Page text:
Maven Moment: Good Old-fashioned Bar Soap

bar soap and lavender on wooden table

Grandma Jennie used bar soap all of her life.

When she was young, there was a bar of soap that was used for laundry and household purposes. She used a bar of Castile soap for her hair and body. I’ve seen pictures of Grandma when she was young and she had the most beautiful head of long, black, wavy hair — I think that washing with Castile soap was one of the secrets to its beauty.

When I was growing up, we always had a bar of soap in the kitchen and one in the bathroom for washing our hands. The whole family used that soap (with no ill effects, apparently) and we each had our own soap for the bath. The soap that Mom and Grandma bought for us to use was of the plain variety, unscented and without any additional ingredients for moisturizing, deodorizing, or sanitizing. We used Ivory or Lux, always. Soap was not a “spa item,” it was just for basic care for the home and the body.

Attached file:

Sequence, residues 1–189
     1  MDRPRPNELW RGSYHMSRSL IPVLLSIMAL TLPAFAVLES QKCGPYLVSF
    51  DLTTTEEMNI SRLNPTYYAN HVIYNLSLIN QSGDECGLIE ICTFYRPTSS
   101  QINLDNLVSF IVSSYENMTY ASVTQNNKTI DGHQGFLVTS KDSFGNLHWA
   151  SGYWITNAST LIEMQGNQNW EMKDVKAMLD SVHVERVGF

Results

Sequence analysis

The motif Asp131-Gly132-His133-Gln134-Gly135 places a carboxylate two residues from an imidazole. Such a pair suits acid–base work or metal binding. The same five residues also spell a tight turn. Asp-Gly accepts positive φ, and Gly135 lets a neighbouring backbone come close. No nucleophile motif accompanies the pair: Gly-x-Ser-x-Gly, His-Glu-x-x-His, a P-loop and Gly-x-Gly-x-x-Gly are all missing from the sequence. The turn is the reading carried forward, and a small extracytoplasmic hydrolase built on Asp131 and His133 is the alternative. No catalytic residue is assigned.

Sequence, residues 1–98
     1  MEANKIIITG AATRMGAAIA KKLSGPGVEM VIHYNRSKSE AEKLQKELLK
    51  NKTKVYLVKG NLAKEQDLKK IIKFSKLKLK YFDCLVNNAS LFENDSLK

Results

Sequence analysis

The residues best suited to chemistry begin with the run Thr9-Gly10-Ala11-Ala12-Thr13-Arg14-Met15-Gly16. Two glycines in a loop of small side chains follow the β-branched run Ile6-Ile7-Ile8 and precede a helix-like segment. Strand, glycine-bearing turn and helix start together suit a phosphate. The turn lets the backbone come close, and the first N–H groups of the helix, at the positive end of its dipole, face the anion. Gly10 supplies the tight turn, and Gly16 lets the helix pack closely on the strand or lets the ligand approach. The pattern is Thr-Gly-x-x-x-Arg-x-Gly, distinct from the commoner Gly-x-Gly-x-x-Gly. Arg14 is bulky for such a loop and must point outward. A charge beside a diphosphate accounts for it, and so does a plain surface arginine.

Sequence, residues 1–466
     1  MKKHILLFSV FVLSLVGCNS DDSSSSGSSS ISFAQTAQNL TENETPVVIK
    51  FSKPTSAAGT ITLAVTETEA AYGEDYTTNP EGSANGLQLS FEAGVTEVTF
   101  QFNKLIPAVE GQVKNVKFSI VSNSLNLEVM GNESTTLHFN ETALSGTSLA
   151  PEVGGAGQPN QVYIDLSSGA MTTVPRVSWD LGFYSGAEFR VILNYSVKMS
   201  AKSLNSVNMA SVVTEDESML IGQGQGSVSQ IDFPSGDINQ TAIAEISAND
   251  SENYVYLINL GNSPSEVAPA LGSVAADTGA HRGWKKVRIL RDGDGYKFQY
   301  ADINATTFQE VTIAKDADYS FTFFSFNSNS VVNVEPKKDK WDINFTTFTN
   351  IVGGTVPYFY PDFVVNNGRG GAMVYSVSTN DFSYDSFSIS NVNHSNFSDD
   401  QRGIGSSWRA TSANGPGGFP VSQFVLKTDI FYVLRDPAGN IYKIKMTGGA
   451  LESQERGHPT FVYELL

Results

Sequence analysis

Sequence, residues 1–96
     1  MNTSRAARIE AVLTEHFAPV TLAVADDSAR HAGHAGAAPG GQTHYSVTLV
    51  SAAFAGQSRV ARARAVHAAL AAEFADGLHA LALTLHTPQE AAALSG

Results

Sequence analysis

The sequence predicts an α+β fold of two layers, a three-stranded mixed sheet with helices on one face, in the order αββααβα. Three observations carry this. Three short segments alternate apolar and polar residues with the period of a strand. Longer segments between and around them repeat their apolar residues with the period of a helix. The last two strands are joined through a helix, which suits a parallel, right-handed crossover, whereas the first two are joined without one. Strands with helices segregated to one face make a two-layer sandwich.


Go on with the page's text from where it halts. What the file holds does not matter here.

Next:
Today, I still like to use bar soap. My favorite is Yardley’s Old English Lavender. The hard milling of the soap makes it last a long time and gives it a rich, soft foam. And I love the natural lavender scent. It’s a very basic item, but to me, very luxurious. For my hair, I use Castile soap just like my grandma. And although my hair is not as thick and wavy as hers was, I like the result. It maintains the waves in my hair, and the lavender oil in the soap I use leaves a faint, soft scent.

Another advantage to bar soap is that the packaging is usually just a little cardboard box or paper wrapping — easy to recycle!

If you haven’t used bar soap in a while, give it a try. You might even find that you prefer it to liquid soaps.

Editor’s note: If you purchase an item through one of the affiliate links in this post, we will receive a small commission, which helps fund our Recycling Directory.

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Joanna Lacey
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